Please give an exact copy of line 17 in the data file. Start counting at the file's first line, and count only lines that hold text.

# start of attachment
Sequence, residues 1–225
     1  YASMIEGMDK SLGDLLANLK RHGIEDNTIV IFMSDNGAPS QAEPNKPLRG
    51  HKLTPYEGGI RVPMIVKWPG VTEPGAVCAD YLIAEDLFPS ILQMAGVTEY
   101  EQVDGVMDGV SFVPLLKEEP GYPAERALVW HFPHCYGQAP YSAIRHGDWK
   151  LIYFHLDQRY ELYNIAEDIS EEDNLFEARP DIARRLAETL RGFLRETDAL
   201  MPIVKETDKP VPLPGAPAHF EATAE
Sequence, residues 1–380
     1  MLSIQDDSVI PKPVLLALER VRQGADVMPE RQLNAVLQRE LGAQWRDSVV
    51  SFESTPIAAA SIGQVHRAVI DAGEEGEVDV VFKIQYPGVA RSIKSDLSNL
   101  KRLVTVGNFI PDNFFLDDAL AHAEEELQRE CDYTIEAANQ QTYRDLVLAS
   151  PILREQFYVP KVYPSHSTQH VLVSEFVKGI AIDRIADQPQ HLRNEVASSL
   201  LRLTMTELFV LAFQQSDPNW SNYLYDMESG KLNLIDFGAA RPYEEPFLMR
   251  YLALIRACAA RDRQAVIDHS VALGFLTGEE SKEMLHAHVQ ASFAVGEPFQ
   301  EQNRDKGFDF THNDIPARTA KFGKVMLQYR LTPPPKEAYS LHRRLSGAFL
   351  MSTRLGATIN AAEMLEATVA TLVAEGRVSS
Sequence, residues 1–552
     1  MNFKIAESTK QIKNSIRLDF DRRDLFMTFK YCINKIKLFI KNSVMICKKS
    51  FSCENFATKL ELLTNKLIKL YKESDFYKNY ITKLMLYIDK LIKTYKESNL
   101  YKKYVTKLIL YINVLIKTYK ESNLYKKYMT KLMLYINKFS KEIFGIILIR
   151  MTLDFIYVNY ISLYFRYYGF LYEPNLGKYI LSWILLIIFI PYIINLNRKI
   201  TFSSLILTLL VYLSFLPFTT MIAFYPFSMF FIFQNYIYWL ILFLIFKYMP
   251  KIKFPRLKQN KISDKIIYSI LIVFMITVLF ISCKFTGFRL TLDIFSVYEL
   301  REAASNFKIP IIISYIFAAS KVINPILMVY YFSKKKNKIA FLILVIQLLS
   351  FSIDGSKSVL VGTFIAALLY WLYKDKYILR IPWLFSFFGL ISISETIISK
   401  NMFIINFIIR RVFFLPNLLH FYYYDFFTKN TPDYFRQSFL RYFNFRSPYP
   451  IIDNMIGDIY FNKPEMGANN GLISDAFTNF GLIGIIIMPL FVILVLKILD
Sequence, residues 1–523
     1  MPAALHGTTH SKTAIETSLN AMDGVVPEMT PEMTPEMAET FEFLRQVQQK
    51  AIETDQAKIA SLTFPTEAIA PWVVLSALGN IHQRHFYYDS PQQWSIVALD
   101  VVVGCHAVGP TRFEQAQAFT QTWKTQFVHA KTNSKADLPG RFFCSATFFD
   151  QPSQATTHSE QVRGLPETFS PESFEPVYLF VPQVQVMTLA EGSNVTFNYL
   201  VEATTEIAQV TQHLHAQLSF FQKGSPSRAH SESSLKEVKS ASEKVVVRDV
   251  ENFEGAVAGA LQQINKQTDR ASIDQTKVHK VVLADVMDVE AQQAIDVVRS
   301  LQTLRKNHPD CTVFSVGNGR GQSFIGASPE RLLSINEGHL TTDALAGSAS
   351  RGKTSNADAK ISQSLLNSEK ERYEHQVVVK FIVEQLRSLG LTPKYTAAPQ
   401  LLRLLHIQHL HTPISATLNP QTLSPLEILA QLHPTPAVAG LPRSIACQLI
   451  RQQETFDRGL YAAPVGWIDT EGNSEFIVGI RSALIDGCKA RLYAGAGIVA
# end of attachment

     1  MNFKIAESTK QIKNSIRLDF DRRDLFMTFK YCINKIKLFI KNSVMICKKS